What Is the Moroccan Dirham (MAD)?
The Moroccan dirham (MAD) is the official currency of Morocco. The Bank al-Maghrib, Morocco’s central bank, controls the issue and circulation of the Moroccan dirham. One Moroccan dirham is subdivided into 100 centimes (or cents). Each unit is called a santim.
As of August 30, 2021, $1 USD is equal to roughly nine MAD.
- The Moroccan dirham (MAD) is the official monetary currency of Morocco.
- One Moroccan dirham is subdivided into 100 centimes (or cents).
- The Moroccan dirham comes in both coin and banknote forms. The banknotes have denominations of 20, 50, 100, and 200 dirhams.
- The coins currently in circulation are 5, 10, and 20 centimes (coins), and 0.5, one, two, five, and 10 dirhams.
Understanding the Moroccan Dirham (MAD)
The word dirham is derived from the name of a historical Greek currency, called the drachma. Prior to 1882, Morocco issued copper coins (called falus), silver dirhams, and golden benduqui. In 1882, a system of modern coinage was introduced in Morroco, which included the mazuna, the dirham, and the rial (500 mazunas = 10 dirhams = 1 rial). When Morocco became a French protectorate in 1912, the national currency switched to the Moroccan franc. The dirham was then later reintroduced on Oct. 16, 1960.
The Moroccan dirham comes in both coin and banknote forms. The banknotes have denominations of 20, 50, 100, and 200 dirhams. The coins currently in circulation are 5, 10, and 20 centimes (coins), and 0.5, one, two, five, and 10 dirhams.
The current series of banknotes, issued in the reign of Mohammed VI, is in circulation alongside a series of banknotes issued in the reign of Mohammed VI's father, King Hassan II. The current banknotes feature an image of King Mohammed VI and the royal crown. The notes also include an image of a Moroccan doorway, a nod to the country’s architectural heritage.
In 1960, after the end of the French protectorate, Morocco introduced the dirham again to replace francs (one dirham was equal to 100 francs). The first dirham banknotes were overprints on earlier franc banknotes.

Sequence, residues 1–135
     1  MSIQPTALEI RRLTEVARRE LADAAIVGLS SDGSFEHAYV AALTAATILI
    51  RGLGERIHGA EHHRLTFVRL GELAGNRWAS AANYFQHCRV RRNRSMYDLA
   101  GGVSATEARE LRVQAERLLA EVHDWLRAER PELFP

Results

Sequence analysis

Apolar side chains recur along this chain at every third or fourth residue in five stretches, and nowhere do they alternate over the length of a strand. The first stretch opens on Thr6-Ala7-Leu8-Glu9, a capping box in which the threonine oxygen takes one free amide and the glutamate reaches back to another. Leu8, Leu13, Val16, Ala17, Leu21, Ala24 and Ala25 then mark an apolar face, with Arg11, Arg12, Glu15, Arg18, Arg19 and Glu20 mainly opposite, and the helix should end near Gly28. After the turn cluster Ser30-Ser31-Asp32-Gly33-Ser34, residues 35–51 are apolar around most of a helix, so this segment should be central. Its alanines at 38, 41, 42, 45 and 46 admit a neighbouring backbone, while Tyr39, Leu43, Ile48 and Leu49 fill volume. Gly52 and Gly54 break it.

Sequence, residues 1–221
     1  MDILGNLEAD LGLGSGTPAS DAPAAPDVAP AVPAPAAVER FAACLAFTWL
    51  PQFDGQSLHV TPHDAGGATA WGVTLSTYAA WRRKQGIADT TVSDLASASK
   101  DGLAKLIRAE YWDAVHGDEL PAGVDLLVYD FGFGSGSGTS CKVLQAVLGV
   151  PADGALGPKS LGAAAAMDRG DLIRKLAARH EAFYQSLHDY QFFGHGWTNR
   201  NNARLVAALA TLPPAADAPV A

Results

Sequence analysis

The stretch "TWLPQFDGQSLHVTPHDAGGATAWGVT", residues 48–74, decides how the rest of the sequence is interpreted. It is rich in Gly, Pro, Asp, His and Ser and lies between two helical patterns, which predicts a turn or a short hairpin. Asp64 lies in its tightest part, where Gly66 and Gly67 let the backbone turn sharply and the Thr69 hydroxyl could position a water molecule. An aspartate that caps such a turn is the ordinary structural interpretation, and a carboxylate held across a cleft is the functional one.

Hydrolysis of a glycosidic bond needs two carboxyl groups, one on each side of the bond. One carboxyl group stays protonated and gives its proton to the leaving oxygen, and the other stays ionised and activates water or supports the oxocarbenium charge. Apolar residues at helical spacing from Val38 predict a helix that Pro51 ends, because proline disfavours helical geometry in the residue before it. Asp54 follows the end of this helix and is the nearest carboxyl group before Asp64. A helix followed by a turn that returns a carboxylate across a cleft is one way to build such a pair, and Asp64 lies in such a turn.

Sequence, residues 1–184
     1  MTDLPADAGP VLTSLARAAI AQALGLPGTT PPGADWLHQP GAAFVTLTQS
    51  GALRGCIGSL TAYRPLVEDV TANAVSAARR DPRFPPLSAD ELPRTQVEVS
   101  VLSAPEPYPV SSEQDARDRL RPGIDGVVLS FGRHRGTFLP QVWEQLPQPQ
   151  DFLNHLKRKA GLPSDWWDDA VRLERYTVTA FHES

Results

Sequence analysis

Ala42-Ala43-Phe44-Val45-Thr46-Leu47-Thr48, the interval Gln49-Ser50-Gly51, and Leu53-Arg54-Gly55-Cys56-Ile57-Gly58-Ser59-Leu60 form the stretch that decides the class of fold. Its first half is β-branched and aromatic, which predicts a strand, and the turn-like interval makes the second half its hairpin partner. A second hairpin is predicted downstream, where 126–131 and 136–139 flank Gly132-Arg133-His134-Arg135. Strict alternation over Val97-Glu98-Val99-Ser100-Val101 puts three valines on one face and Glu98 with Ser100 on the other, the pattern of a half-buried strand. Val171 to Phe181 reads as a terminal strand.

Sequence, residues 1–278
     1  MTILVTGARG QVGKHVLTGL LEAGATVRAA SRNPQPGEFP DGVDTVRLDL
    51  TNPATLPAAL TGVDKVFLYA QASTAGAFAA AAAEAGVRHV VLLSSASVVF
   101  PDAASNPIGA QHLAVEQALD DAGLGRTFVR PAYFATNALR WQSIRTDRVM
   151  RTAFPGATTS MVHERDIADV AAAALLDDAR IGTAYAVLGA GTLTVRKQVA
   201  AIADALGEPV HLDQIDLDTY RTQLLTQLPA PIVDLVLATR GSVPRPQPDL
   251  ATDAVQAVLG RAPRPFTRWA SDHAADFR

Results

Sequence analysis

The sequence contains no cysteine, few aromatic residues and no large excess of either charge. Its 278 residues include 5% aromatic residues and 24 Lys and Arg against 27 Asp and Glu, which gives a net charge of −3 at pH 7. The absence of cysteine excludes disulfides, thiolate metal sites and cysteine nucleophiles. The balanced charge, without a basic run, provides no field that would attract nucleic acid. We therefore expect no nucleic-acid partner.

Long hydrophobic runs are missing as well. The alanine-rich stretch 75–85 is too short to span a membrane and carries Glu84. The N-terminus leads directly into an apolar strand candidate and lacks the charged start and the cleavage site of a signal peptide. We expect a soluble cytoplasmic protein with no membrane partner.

The King of Morocco, Mohammed VI, has legislative and executive control over monetary policy, as well as religious and foreign policies. He rules through an elected parliament. Attempts to depose the King have failed, and the country remains a constitutional monarchy. Demonstrators, including some during the Arab Spring uprisings, continue to push for reform that will ultimately lessen the power of the King.
Morocco, located in Northwest Africa, is a prominent regional power. According to data from the World Bank, Morocco experienced gross domestic product (GDP) growth of 3.1% in 2018 and 2.5% in 2019. In 2020, GDP growth was -7.1%, largely due to the economic impacts of the COVID-19 virus.
Frequently Asked Questions
What Is the Exchange Rates for the U.S. Dollar to Moroccan Dirham?
As of August 30, 2021, one U.S. dollar equals around 8.96 Moroccan dirhams.
Where Can I Exchange Moroccan Dirham?
You can exchange your U.S. dollars to Moroccan dirham online, at an airport vendor, at a bank, and in most hotels.
Where Can I Get Moroccan Dirham?
The Moroccan dirham can only be bought once you arrive in Morocco because it is a closed currency. You are only allowed to bring in or take out 1,000 dirhams; the remaining currency must be exchanged.
What Is the Best Currency to Take to Morocco?
Euros, U.S. dollars, and British pounds are all easily exchanged in Morocco. Some locations will accept payment in euros if you do not have Moroccan dirham. However, you should expect less favorable rates than what you can get at a bank.